My original plan for hiking Big Bend National Park’s Marufo Vega Trail was to hit the trail in the cooling late afternoon, take my time down the trail and camp that night somewhere before the river. I’d spend the next day checking out the Rio Grande and Mexico on the other side, and then head back and camp near the trailhead the next evening and get an early start back home.
There is very little info on this trail, so although my itinerary proved impossible to implement, this turned out to be an awesome trip. Marufo Vega, which means “skin cancer” in Spanish, is not an easy hike, but I’ll share with you now things I wish I’d known before starting out.
First and most importantly, this is a winter and fall hike. I did it in early April, and although the temperature did not rise above the mid-80’s, the sun was brutal. The first 2.5 miles of trail are over entirely shadeless rock and desert,
and although the scenery grew in beauty, I was really happy to find the first shade in a rough little wash canyon. Do not attempt Marufo Vega in the late Spring and Summer.
Second, there is no place to camp prior to or after the river. Your only option, other than doing it as a day hike, is to camp on the section that follows the river, and this is definitely something worth doing. I camped on the flood plain beneath where the South Fork of the trail meets the river on a little trail appendage, but I saw a good looking spot at the other end, right where the North Fork meets the river. I saw no one during my stay, and it was awesome. I’ve always backpacked Big Bend up in the Chisos, and I was unaware Big Bend had such magnificent canyons.
I would save the $10 a NPS-recommended topographical map will cost you; it isn’t especially useful in keeping on the trail, and in the few places I lost track of the cairns temporarily, if you were eventually lost enough for the topo to be useful, you will definitely die soon and won’t need a map. On the other hand, the ranger at the permit desk gave me a free and very useful map, which I referred to often. Feel free to download this copy in case they are out of them. And don’t lose track of the cairns.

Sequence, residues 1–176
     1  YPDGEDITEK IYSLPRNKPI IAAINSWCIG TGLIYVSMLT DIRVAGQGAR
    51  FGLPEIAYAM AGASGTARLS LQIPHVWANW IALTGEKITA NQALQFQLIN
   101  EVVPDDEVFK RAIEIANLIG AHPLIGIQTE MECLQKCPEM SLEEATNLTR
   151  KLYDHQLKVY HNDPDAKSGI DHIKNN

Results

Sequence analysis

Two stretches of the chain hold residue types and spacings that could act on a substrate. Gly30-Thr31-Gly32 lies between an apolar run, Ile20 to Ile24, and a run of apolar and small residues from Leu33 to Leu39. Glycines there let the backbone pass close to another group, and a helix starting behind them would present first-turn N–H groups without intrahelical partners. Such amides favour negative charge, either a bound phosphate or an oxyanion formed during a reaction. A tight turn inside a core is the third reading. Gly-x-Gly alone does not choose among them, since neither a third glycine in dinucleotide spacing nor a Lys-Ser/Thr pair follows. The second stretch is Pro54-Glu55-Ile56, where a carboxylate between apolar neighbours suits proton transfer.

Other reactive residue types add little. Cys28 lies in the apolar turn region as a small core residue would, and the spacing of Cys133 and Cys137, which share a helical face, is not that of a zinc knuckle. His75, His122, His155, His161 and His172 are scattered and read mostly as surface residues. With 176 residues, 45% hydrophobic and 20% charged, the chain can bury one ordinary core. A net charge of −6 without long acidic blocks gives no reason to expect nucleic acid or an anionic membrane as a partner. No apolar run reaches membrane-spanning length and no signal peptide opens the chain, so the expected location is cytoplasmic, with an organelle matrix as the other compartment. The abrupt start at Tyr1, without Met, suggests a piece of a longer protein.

Finally, water: curiously, the NPS link states that “there is no water along this trail, and the river water is not potable.” Well, d’uh. Take along your filtration system, and save yourself some weight in water packed in. Be sensible, particularly if you are solo, and carry enough water nonetheless in case things go wrong, because this is not a trail to be on unprepared if things go wrong.
A couple of notes about the trail itself: I recommend taking the North Fork in and the South Fork out. It’s pretty easy to follow in that direction, and less so counter-clockwise. The descent toward the river that begins about half-way along the North Fork is very steep, particularly with a pack for overnighting. You do not want to negotiate this part of the trail in the dark (or any other part, for that matter). And finally, one of the best views from the trail is about 200 yards off the juncture of the South Fork and the side trail down to the river. The Ranger at the permit desk told me most people didn’t go down to the river (WTF!?), so if you are considering skipping that extra half-mile down and then back up on a day trip, do not miss this view.
That’s a good looking river.
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